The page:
As a general rule, there is something immensely enjoyable about scamming a scammer. Or at least playing along. And, much like a soft drink before the sugar substitutes took over the world, the act of scolding said scammer is delightful and refreshing, especially when you get to spend those precious moments with the Windows Technical Support scammers. (Though there is no real sense of accomplishment. Empty calories, yes, but still oddly satisfying.)
And here’s why it’s so great: even when they are found out, they seem to have a nearly pathological need to continue the conversation – either in trying to convince you that there is still something wrong with your computer, or in owning up to the scam and (often colorfully) informing you that you are a loser, that your parentage is questionable and your computer is STILL infected. And in spite of all this, they will continue to offer assistance.
Somehow, the gratification in provoking someone so tenacious in their goal is worth the wasted time.
The first thing you should know is that if you’re being contacted by Windows or Microsoft Technical support on an issue you have NOT initiated yourself, do NOT be fooled. It is in your best interest, as Microsoft suggests, to simply hang up the phone.
I’ve been called several times in the last 4 or 5 months. The first few times or so, I simply hung up. The last couple of times, though, I played along briefly. Unfortunately for me, I’m not all that good at deception, so my little strategy didn’t last much longer than the first 8 seconds of the conversation. I go from playing along to scolding pretty quickly.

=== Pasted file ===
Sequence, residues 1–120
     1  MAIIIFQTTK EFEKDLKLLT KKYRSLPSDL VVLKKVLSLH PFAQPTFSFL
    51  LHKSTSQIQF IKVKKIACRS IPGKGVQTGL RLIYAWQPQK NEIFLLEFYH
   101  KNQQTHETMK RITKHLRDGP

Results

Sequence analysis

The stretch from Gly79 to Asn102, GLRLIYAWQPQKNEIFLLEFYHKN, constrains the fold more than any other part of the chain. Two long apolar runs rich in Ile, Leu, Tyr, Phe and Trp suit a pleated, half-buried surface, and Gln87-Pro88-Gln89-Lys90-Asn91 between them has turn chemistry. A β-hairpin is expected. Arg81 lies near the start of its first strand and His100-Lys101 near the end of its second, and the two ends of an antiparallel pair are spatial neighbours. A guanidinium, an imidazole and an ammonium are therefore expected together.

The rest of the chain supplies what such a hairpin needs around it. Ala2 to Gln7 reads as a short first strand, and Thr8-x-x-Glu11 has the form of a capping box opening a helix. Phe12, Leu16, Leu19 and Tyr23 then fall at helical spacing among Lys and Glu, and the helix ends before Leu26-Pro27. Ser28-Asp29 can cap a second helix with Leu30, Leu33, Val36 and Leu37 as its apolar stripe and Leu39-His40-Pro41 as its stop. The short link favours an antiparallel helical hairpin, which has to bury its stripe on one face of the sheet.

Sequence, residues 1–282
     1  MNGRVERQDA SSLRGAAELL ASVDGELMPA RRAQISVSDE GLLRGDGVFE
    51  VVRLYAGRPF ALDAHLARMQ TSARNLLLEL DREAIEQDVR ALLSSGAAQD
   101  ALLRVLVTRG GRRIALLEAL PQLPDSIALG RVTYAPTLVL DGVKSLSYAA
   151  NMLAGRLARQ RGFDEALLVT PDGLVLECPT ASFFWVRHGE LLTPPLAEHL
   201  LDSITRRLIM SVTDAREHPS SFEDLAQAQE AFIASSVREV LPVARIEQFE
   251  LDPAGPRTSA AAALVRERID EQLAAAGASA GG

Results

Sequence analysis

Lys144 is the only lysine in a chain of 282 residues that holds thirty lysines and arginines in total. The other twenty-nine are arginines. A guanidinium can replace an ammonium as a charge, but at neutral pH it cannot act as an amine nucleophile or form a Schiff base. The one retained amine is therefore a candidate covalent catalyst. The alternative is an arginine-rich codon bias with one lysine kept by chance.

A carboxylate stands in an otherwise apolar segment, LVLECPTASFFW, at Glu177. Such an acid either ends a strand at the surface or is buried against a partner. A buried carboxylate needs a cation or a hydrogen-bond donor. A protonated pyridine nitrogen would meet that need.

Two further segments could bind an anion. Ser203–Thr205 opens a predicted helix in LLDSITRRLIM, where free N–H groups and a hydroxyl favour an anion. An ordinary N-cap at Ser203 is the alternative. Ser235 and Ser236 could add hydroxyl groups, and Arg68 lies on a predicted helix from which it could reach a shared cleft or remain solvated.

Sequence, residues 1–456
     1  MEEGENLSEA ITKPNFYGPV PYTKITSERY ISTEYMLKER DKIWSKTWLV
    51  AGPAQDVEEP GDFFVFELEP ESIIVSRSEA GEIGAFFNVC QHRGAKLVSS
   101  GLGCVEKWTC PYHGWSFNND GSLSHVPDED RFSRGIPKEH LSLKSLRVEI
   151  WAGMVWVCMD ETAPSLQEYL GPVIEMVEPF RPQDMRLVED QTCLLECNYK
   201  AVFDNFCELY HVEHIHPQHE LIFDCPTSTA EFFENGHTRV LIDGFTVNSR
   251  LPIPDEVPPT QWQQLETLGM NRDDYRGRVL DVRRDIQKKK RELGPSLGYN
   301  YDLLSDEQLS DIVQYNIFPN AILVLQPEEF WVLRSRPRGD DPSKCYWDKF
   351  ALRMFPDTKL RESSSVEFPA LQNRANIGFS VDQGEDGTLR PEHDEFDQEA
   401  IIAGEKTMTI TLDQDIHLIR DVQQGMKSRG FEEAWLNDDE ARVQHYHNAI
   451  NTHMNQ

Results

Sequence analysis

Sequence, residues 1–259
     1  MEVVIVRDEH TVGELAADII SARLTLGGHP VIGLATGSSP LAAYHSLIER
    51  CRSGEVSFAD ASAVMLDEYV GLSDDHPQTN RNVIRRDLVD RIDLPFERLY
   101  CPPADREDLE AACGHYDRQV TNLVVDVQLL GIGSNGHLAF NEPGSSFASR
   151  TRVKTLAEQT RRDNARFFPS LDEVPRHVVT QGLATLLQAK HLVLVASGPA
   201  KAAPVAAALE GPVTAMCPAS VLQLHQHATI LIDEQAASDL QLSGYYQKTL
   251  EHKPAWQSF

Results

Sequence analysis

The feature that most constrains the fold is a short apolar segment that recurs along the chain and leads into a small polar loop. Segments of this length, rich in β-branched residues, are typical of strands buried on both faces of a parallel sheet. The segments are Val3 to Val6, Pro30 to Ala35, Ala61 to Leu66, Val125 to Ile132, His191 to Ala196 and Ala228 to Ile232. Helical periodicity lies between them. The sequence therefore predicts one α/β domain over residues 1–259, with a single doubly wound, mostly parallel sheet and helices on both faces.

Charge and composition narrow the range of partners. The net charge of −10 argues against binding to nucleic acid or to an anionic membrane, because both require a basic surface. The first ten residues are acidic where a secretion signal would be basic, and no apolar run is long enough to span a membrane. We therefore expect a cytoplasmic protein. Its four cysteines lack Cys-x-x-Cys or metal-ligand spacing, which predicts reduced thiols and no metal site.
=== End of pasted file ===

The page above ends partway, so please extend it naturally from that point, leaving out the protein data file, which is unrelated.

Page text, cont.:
“TECHNICAL SUPPORT”: Hello ma’am, this is The Windows Technical Support calling you on this day about your Windows computer on which we have detected several problems, OK?
ME: Really. Oh, dear.
“TECHNICAL SUPPORT”: Yes, ma’am, it is viruses, OK?
ME: OK. So, I’m guessing you want me to download some random software so that you can log onto my computer to fix all the viruses.
ME: And you probably want a credit card number to pay for this service?
ME: And you really expect me to let you log onto my computer?
ME: You know, you folks really ought to find another scam. Don’t you have something better to do?
“TECHNICAL SUPPORT”: I will call you again and again and again. <—Yes, she really said that.
ME: (Cheerfully) Well, that’s good – as long as it gives you something to do.
“TECHNICAL SUPPORT”: We have detected many problem reports that you have sent.
ME: Hm, I thought we were done.
“TECHNICAL SUPPORT”: Your computer will be broken and slow and like that until you allow my help, OK?
(Broken AND slow.)
ME: I see…. Well, it seems to be working fine. And I’m bored with this conversation. So, I think we’re done now.
“TECHNICAL SUPPORT”: Your computer and your Windows pc will be broken.
(Both of them?)
ME: That’s ok. I’m a technician.
“TECHNICAL SUPPORT”: You are not if you don’t delete the viruses and like that, OK?
ME: I beg to differ. I’m going to hang up now. Have a nice day, OK?
“TECHNICAL SUPPORT”: Thank you.
To quote Tony Shaloub in Galaxy Quest: It’s the simple things in life you treasure.
Yes, yes it is.